The Interfaith Peace Project is pleased to offer you prayer reflections for each day of Interfaith Harmony Week, February 1-7.
The Hindu Traditions
Compassion in Hinduism
Compassion is the empathetic response to others’ suffering and the activity that relieves suffering. In the Indian world it is a highly developed subject of discourse among and between Jains, Buddhists and Hindus. Within the broad diversity and timescapes of dynamic traditions called Hinduism by Westerners, compassion is integral to the understanding of ideal family relations, good governance, social order, ascetical disciplines and service to God.
Compassion as a virtue is governed and framed by the relational propriety dictated by dharma-the sacred order of the Hindu world. It is therefore difficult to differentiate from service, non-harm, charity, grace and social obligation, all of which may be expressions of compassion. There are three contexts for the Hindu notion of compassion that evolved in historic sequence, but are deeply interrelated: yogic traditions of introspection, theistic traditions of devotion, and the great medieval compendiums of dharma, the sacred world order.
In the early Vedas, Hinduism’s earliest scriptures, compassion is not a strong element. The early Upanishads – texts of introspective speculation – contain a few important passages supporting non-harm. In the later Upanishads, however, a vow of non-harm has become a ritualized element in the initiation of the renunciant. By then, the introspective disciplines had taken compassionate restraint from harm as a prerequisite for higher spiritual practice and as its natural outcome -there is greater emphasis on being nonharmful than on actively helping others. It can be argued that an ethic focused in this way may have qualities that are lacking in traditions such as Mahayana Buddhism that emphasize protection of others. That is, the fundamental way to address suffering may be to address its causes from within.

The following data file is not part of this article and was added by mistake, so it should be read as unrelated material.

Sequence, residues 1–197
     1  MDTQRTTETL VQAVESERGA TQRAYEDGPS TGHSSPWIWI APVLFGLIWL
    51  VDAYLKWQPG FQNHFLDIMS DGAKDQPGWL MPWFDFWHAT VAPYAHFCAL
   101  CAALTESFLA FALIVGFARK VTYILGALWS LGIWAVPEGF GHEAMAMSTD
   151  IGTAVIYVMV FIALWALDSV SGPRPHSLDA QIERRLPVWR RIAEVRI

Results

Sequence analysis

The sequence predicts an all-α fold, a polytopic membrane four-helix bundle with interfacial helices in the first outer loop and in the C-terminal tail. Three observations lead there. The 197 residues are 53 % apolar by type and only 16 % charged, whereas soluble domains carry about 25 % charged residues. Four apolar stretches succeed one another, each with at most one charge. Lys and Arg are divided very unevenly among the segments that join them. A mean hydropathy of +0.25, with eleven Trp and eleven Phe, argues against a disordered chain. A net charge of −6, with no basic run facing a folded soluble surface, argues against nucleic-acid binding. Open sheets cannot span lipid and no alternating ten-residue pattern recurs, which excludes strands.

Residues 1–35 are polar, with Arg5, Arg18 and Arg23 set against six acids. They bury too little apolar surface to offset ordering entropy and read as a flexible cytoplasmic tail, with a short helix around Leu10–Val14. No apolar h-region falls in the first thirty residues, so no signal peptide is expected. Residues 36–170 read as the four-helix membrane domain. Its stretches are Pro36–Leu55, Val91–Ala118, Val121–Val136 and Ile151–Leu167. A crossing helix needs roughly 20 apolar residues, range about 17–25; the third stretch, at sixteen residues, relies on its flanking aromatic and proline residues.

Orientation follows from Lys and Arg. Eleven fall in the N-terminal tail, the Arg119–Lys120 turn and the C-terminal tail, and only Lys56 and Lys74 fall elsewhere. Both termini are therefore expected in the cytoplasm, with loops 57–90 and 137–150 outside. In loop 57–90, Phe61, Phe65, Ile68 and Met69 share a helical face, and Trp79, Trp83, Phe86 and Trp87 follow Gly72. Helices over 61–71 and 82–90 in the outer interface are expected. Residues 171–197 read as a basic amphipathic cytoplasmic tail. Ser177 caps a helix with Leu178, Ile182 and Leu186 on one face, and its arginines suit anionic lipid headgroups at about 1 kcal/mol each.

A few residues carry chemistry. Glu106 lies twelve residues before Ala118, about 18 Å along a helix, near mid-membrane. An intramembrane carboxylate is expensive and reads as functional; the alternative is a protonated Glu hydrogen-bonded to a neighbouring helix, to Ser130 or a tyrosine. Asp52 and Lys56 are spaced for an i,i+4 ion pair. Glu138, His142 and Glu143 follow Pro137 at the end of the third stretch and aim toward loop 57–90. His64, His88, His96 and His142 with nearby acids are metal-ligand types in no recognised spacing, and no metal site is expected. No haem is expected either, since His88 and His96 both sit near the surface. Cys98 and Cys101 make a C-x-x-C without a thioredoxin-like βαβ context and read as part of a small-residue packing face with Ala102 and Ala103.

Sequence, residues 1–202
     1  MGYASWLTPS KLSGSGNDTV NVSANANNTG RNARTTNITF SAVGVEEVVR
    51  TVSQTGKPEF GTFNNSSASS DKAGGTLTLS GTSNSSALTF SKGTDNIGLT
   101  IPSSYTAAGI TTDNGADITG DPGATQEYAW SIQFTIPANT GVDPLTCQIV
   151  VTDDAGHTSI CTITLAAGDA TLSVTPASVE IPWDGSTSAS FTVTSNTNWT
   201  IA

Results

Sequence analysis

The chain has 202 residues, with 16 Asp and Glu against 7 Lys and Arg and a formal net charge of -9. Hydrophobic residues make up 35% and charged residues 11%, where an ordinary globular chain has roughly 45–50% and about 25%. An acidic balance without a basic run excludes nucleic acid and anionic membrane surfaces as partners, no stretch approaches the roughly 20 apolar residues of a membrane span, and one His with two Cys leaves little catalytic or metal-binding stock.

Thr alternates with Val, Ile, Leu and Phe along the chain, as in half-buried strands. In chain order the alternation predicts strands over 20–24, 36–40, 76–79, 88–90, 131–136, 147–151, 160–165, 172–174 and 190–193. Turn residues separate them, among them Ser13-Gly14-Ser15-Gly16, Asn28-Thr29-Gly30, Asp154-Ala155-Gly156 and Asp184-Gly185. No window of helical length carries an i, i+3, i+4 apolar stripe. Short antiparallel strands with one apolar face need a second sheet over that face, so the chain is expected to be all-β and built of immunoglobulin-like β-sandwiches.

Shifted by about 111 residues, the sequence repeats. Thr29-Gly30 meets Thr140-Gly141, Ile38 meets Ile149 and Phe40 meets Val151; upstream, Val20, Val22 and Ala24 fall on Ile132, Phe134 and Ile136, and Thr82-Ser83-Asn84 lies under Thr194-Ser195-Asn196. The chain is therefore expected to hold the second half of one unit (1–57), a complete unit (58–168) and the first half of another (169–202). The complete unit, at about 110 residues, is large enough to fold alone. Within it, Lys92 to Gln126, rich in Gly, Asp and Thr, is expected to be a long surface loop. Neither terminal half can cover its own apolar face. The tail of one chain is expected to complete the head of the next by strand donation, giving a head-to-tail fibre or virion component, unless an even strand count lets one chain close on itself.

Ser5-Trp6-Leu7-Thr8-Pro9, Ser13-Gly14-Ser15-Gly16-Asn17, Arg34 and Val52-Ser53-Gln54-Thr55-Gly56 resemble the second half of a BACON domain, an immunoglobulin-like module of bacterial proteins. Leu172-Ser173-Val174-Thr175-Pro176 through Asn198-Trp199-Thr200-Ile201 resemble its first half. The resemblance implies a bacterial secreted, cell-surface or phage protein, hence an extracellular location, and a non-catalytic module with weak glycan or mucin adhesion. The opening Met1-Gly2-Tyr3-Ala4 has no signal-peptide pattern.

For devotional traditions, compassion descends from above. The Lord is an Ocean of Compassion and his passion for his devotees is like that of a mother cow for her calf. Great compassionate figures of the tradition are likely to be regarded as the descent of compassionate incarnations rather than as having ascended to high virtue. The devotee’s compassion is less an attainment of virtue than an act of submission and devotion to the embodiment of all virtue. Compassion is not the result of nonattachment, but rather the result of directing erotic love (all loving energy) toward an object of stainless purity. Passion paradoxically manifests as compassionate service to the Lord in inspired worldly engagement.
The Dharmashastras, encyclopedic studies of dharma, ground compassion in the foundational cosmic order. It is framed and structured by caste, life-stage, kinship and gender. This does not reduce compassion to propriety or diminish its importance as a virtue. Duty, propriety and karmic self-interest naturally resonate with altruism. The life of a rightly ordered individual in a rightly ordered universe will be characterized by compassion, and where there is the virtue of compassion one will also find dharma.
O Lord of Mercy and Love
O Adorable Lord of Mercy and Love!
Salutations and protestations unto Thee.
Thou art Omnipresent, Omnipotent, and Omniscient.
Thou art Satchidananda (Existence-Consciousness-Joy-Absolute).
Grant us an understanding heart,
Equal vision, balanced mind,
Faith, devotion and wisdom.
Grant us inner spiritual strength
To resist temptations and discipline the mind.
Free us from egoism, lust, greed, hatred, anger and jealousy.
Fill our hearts with divine virtues.
Let us behold Thee in all these names and forms.
Let us serve Thee in all these names and forms.
Let us remember Thee.
Let us ever sing Thy Glories.
Let Thy Name be ever on our lips.
Let us abide in Thee for ever and ever.
Sri Swami Sivananda